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comment by OftenBen
OftenBen  ·  268 days ago  ·  link  ·    ·  parent  ·  post: Help with those end-of-year investments

Very vague picture of my finances -

I am on a fixed income that mostly meets my bills. My fiancee makes enough to cover hers, and save a bit, between the two of us.

I have a few thousand in cash savings I'd rather never touch, some of it in CD's.

Student debt in the ballpark of 40k, might be reduced to almost nothing if some paperwork processes.

And finally a little over 20k in a managed 401k that's going to be put almost entirely towards purchasing a home, pending inspection. As part of my benefits package that account gets about 5k/year combined.

My financial goal for the year is to buy and live in the house without completely destroying my savings. If we manage to do that I'll call it a resounding success.

My question at the moment is if it's worth it to try and get a little extra on the mortgage to do some non-trivial repairs/upgrades (Fix a bathroom with moisture-control issues, level the entryway, replace a god-awful carpet and carpet-pad) or get the place bought first and then look for other forms of financing for home improvement.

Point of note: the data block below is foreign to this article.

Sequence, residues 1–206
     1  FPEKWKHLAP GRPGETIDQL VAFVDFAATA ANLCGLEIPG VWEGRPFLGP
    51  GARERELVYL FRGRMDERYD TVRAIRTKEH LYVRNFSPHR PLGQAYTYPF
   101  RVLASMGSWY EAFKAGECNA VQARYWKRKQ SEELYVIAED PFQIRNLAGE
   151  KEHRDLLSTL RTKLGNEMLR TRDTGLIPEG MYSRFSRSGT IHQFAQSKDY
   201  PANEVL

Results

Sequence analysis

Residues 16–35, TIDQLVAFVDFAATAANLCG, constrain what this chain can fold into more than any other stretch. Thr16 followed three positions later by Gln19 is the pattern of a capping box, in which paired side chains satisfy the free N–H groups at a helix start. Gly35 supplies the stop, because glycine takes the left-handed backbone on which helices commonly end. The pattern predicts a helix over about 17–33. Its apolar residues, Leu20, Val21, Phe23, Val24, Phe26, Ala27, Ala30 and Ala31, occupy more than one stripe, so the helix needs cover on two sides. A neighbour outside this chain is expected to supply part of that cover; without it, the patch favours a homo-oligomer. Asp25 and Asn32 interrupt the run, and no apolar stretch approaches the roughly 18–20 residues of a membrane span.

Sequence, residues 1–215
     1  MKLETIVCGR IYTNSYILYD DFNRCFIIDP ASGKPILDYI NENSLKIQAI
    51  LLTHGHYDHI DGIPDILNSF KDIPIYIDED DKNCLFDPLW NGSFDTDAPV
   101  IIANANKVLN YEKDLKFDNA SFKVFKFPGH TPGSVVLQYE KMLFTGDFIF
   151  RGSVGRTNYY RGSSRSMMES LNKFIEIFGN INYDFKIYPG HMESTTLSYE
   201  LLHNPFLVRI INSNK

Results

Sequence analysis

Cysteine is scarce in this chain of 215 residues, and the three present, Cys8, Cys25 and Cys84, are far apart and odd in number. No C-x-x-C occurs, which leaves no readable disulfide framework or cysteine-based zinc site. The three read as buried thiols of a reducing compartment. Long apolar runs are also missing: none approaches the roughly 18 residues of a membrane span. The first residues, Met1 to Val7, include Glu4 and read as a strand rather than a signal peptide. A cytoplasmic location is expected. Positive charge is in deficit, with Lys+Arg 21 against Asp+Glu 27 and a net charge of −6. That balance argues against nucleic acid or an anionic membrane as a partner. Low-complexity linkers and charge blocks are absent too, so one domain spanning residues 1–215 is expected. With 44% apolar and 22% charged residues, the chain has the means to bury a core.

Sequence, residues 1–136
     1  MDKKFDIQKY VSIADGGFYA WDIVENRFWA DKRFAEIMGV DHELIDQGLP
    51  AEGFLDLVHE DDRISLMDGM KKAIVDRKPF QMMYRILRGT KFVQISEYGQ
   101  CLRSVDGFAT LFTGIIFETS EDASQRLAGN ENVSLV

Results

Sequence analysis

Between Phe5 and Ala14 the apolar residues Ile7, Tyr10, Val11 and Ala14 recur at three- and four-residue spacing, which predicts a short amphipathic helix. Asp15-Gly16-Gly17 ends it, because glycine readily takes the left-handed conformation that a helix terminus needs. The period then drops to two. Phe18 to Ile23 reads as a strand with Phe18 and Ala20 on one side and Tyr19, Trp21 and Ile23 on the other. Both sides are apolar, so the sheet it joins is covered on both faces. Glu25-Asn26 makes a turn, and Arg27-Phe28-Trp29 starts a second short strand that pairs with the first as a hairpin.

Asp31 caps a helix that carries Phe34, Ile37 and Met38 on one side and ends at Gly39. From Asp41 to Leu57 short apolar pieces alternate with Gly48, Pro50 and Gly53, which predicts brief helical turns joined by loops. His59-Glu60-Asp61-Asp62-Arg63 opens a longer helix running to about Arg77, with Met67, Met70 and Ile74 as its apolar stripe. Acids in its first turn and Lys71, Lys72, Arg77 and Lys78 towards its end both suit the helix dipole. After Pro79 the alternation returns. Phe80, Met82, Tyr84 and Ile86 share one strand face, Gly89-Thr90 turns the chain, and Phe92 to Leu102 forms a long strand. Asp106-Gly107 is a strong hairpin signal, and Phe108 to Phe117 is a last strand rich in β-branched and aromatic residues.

Also, if i'm redoing a bathroom, do I really need to start at $10,000 and work upwards from there for budgeting? I don't want to fuss with a tub, just tile the whole room from top to bottom so I can hose and squeegee it down.

goobster  ·  268 days ago  ·  link  ·  

As a homeowner who has done his own bathroom remodels three times (three different properties; not all in one house!), I say do 90% of the work yourself. Get in a pro to do the plumbing rough-out and the finished tile. Do all the rest yourself. It doesn't take any more than a hammer and some patience.

But don't do any of that work until you buy the house. A new bathroom increases the price $10k. A bathroom that needs to be re-done decreases the price by $25k. (Numbers I completely made up on the spot, but "feel" kinda right.)

And it is WAY EASY to get money to work on the house you own. EVERYONE wants to give you money for home improvement.

OftenBen  ·  268 days ago  ·  link  ·  


So the meat and potatoes for my practical points would be

1. DIY most everything but plumbing and final tile finish

2. Use the bathroom in need of remodel to negotiate on sale price

3. Don't begin work on said bathroom until the sale is done.

4. Homeowners have access to better lines of credit for this sort of work anyway.